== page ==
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Elder Abuse in the Home: Why People Living with Dementia Are at Risk

A senior Black couple with serious facial expressions.

Elder abuse has historically received less attention than child abuse and other forms of domestic violence, despite affecting an estimated 1 in 10 older adults. People living with dementia are particularly vulnerable: alarmingly, about half will suffer abuse or neglect, and they are nearly four times more likely than older adults without dementia to experience abuse.

The National Center on Elder Abuse defines abuse as “any knowing, intentional, or negligent act by a caregiver or any other person that causes harm or a serious risk of harm to an older adult.” Abuse can take many forms, including physical, emotional, financial, and sexual harm, as well as neglect by caregivers or self.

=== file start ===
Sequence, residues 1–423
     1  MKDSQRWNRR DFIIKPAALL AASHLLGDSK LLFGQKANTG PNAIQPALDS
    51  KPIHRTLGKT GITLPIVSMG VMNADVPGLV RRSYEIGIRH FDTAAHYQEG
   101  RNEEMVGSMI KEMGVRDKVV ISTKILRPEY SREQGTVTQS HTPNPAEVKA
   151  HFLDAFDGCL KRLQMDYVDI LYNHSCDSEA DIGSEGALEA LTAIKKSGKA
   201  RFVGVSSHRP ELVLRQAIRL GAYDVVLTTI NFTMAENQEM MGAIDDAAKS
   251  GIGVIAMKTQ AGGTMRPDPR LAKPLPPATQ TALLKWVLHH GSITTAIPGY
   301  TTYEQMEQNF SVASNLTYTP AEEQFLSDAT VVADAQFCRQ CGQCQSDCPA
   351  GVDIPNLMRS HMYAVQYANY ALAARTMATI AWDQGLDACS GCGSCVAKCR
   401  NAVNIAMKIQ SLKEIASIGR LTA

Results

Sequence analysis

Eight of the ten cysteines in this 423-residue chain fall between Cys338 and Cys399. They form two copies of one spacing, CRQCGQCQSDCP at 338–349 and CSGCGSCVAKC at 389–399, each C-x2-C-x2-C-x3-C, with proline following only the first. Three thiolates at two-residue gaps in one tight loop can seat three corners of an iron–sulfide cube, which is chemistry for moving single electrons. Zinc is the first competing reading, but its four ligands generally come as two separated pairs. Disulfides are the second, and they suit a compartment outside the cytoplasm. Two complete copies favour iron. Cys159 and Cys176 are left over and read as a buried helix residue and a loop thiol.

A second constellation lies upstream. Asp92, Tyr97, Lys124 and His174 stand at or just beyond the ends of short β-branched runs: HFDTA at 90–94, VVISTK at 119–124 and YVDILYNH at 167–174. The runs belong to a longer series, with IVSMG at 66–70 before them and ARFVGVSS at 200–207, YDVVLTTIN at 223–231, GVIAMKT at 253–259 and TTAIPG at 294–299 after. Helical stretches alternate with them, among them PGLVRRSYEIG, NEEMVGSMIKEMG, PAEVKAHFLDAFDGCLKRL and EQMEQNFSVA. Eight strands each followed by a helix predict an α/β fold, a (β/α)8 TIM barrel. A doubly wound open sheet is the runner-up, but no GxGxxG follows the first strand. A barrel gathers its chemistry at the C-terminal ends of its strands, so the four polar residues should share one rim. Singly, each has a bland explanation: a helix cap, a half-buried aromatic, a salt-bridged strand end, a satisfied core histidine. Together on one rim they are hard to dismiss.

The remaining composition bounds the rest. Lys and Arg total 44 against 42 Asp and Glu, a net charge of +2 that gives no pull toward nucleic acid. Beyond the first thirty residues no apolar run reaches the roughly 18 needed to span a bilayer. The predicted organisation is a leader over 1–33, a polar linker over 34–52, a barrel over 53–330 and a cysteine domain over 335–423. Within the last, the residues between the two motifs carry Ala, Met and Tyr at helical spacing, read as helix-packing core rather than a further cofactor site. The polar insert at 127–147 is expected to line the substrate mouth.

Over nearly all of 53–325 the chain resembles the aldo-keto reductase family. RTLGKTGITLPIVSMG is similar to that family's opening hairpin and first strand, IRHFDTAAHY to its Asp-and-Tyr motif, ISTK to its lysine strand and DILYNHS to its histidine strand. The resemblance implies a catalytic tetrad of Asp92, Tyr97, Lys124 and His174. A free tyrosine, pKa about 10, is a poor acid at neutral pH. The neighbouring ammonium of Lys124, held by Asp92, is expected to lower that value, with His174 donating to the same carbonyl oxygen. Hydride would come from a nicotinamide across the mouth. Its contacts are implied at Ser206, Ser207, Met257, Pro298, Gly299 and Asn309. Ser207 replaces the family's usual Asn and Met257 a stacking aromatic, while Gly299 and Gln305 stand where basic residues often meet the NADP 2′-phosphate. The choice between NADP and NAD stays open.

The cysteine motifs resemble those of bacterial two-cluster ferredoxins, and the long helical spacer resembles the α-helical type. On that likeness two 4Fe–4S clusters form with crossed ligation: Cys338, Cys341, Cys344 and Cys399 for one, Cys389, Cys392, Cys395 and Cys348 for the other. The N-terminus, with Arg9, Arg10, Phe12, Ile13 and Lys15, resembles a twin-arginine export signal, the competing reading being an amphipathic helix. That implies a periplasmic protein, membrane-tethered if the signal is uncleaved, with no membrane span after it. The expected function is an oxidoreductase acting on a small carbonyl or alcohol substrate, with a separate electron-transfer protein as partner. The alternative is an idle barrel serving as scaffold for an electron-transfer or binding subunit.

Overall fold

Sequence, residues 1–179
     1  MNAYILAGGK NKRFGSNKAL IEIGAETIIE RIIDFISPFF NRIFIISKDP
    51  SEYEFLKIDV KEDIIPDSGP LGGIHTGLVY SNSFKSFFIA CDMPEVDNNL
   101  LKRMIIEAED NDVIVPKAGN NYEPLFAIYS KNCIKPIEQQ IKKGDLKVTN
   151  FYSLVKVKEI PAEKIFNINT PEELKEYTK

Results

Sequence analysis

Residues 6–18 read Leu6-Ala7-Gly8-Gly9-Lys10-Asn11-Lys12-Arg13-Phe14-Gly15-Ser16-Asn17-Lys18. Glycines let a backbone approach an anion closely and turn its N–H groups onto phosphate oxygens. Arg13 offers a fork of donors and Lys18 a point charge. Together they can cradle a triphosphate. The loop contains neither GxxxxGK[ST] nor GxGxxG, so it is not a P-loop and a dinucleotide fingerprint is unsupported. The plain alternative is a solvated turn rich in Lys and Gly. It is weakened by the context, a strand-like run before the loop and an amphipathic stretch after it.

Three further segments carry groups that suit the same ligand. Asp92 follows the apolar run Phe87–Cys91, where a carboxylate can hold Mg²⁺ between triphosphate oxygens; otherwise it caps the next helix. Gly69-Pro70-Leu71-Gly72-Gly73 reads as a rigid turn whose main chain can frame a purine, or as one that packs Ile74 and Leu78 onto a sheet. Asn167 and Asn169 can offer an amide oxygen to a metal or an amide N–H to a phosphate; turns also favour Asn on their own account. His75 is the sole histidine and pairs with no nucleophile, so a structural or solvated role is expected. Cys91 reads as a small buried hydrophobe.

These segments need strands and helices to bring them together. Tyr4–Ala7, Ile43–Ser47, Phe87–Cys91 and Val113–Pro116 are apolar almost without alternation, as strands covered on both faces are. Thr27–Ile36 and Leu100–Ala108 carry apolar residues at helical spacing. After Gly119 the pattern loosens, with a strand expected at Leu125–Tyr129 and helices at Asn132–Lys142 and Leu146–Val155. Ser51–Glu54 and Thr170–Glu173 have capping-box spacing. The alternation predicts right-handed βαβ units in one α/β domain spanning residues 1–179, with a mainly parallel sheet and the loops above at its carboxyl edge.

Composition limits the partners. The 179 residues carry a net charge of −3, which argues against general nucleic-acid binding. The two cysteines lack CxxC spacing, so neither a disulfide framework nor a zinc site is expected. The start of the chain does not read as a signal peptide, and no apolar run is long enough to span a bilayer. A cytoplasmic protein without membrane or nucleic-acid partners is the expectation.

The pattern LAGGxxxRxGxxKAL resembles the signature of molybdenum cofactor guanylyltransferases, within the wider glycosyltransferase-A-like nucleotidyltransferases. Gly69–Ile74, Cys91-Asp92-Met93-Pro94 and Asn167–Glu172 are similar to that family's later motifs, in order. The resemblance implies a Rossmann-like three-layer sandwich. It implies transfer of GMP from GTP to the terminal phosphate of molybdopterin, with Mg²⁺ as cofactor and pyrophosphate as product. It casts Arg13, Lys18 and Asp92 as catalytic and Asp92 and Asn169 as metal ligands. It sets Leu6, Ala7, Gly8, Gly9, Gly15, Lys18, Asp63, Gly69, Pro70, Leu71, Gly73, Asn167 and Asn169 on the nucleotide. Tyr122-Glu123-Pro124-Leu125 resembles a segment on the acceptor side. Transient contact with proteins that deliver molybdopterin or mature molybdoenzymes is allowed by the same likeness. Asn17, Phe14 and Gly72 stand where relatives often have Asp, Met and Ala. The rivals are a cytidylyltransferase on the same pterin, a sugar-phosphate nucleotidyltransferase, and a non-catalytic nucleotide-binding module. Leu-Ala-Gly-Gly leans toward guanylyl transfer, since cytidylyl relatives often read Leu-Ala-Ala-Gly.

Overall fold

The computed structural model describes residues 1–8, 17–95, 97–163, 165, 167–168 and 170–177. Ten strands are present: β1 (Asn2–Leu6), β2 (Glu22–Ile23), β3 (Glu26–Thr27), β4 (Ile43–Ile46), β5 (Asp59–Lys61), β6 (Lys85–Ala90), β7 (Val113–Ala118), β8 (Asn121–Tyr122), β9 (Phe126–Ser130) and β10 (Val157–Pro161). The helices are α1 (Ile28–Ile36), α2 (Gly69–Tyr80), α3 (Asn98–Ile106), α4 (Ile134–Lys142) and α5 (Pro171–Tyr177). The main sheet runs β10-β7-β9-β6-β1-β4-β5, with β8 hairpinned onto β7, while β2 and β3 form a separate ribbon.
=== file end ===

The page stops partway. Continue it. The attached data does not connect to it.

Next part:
We don’t know whether abuse is more prevalent in the home or in long term care (LTC) settings like nursing homes, but we do know that “aging in place” – i.e., remaining in your home as you grow older – is a trend that shows no signs of reversing. The following interrelated factors create risk for abuse of people living at home with dementia. By understanding and addressing these factors, professionals and policy makers can take steps to prevent and address abuse in the home.

1. Cognitive impairment or dementia

Dementia – a general term for changes in memory, thinking, and other cognitive skills – can itself create a vulnerability to abuse. In a recent webinar hosted by the National Alzheimer’s and Dementia Resource Center, Dr. Laura Mosqueda, Director of the National Center on Elder Abuse, explained that people living with dementia may not always be able to recognize or report abuse, and if they do report it, they may not be believed. Some possible signs of abuse such as emotional distress, withdrawal from activities, depression, or anxiety, may be mistakenly attributed to the dementia if the person is not able to self-advocate.